Today was my one and only day off this week. There can be no doubt if I have a whole day of no work, I am gonna ride. Thing is Mother Nature was set to kick some ass this Sunday and my bike ride was not part of the grand plan.
I took my sweet time, walked the dogs, drank coffee, tinkered with the bike. While inside listening to music, getting jacked up on coffee and food, wave after wave of a powerful spring storm crashed into my westerly windows. It snowed, rained, thundered and at times the light coming into house would go dark as heavy clouds draped across the sky blotting out the sun. Pretty serious shit was going on out there.
The sky became a light and bright grey, the precipitation eased and I got out the door.
Pedaling East on Highway 50 the wind is at my back without seeming to be too crazy. I turn up the Quartz Creek Valley, leaving the roar of traffic behind. The picturesque valley is melting and turning green with many adorable new born calves curled up next to their mommas or prancing around on new found legs. Few cars pass and most folks wave on this back road, it is just about perfect.
I get just past Pitkin, to where the road is no longer plowed. The snow is soft, rotten and still quite deep. I eat a sandwhich drink some water and watch the wall of white that seems to be closing in from all directions. Within a few seconds it goes from calm tranquil and comfortable to the chaos of a spring snow storm. The wind whips the pellets of sleet mixed with flakes of snow sideways through the mountain air. The hard bits of refrozen water sting my face, stick to my clothes and coat the roads almost instantly. So much for avoiding the storm, right?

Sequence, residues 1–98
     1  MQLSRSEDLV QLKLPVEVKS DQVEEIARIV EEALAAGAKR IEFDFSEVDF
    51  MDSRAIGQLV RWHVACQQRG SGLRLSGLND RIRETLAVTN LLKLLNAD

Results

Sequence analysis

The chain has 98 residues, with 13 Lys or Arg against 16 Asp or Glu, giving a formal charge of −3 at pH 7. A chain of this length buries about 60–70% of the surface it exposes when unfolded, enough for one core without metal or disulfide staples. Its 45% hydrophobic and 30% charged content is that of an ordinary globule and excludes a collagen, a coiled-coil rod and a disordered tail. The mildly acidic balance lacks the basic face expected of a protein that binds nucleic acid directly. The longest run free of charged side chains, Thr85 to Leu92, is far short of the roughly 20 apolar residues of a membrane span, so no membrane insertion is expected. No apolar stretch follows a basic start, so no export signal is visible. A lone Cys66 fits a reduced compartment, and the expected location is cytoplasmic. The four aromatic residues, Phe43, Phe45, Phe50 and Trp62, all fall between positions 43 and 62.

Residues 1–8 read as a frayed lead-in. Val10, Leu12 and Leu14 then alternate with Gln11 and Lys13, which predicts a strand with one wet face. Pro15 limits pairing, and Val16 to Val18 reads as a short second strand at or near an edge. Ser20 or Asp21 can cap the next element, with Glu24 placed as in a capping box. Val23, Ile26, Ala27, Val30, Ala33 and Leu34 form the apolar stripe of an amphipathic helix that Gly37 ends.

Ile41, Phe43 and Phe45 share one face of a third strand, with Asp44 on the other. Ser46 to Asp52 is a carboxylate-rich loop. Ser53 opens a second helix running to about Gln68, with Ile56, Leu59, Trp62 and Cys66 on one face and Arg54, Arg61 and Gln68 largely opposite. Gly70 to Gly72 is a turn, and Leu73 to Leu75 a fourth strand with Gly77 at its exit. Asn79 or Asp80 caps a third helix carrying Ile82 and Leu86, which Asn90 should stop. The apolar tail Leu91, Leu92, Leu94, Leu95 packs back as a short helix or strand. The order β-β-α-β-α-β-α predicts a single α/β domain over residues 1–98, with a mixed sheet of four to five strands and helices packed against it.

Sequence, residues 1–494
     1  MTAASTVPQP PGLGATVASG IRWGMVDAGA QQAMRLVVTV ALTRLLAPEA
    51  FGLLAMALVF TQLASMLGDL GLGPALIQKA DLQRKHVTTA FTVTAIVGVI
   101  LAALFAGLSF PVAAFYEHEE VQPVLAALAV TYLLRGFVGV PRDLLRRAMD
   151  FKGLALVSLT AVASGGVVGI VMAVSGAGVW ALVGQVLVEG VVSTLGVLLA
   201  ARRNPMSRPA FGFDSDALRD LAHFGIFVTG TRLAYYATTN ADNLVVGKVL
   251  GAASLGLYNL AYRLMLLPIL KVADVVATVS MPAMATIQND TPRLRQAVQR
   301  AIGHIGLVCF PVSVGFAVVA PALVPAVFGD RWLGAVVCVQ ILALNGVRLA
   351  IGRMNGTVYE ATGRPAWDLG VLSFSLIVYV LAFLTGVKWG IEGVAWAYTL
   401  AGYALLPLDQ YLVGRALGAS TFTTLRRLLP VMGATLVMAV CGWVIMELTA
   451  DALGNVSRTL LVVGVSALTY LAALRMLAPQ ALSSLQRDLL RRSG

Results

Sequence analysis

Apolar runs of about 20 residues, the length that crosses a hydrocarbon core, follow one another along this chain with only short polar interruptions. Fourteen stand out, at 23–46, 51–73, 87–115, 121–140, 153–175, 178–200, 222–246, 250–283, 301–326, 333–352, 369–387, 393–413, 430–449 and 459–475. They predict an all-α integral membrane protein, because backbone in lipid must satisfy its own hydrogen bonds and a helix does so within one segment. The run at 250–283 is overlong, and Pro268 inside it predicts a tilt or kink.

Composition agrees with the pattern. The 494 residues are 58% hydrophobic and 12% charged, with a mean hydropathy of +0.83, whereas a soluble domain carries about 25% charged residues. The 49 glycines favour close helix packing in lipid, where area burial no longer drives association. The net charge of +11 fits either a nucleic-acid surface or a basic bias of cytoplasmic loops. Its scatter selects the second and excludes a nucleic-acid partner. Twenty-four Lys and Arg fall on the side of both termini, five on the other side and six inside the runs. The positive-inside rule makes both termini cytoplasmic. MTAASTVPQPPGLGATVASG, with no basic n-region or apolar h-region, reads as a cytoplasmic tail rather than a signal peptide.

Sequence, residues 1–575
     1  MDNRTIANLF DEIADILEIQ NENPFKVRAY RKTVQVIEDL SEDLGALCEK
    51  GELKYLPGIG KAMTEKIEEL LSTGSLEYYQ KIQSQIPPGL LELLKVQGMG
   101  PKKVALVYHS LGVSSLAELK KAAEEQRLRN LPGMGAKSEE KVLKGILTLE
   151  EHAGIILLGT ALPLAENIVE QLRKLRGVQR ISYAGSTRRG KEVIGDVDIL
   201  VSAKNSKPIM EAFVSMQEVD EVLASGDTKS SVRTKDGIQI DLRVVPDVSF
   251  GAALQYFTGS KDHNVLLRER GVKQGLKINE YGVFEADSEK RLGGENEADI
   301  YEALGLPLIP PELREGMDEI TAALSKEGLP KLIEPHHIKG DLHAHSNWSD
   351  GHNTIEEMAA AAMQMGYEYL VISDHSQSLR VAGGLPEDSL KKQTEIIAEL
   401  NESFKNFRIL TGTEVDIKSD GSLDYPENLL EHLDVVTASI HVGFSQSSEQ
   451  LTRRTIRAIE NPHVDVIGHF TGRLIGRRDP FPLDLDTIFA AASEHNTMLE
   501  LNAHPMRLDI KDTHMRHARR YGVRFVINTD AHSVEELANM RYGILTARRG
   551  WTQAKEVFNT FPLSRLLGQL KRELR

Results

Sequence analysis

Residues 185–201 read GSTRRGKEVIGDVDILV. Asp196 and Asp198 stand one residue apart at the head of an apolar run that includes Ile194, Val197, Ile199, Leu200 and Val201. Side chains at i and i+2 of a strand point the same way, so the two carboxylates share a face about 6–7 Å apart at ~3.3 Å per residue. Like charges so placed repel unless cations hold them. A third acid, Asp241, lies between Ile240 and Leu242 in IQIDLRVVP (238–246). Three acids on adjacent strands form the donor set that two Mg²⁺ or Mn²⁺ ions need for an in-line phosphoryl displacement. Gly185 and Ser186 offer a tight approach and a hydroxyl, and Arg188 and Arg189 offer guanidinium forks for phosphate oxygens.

Luckily I have most of my Tour Divide kit, plus a bunch more clothes loaded on the bike. Constantly testing, dialing and getting the body used to all the extra weight on the bike. So I simply stop and layer up, stop and layer up, stop and layer up. It is down right nasty out. The only thing I didn’t bring was booties for my poor feet, instead just some old plastic grocery bags to keep my feet warm. Whups, there is always more to learn!
The storm eases up after a while, lessening it’s intensity. Still the wind rages. The calm tailwind I milked on the way out has stepped up into a terrible, push you around headwind. For about 18 miles I fight my way home. For the first time I can remember my ankles actually hurt from being so cold. The wind never lets up and I am forced to admit defeat to it, slowing down with every mile eventually crawling into town, my tail between my legs, cooked, tired, exhausted and weirdly happy.
Something extra real about riding through a storm, so much more satisfying than a sunshine filled joy ride. I really do enjoy the power dished out on a regular basis by ole Mother Nature, even if at mile 45 I was cursing that damn wind and dreaming of hot food and warm dry feet. Some like to say HTFU, so GO out there it is always worth it!!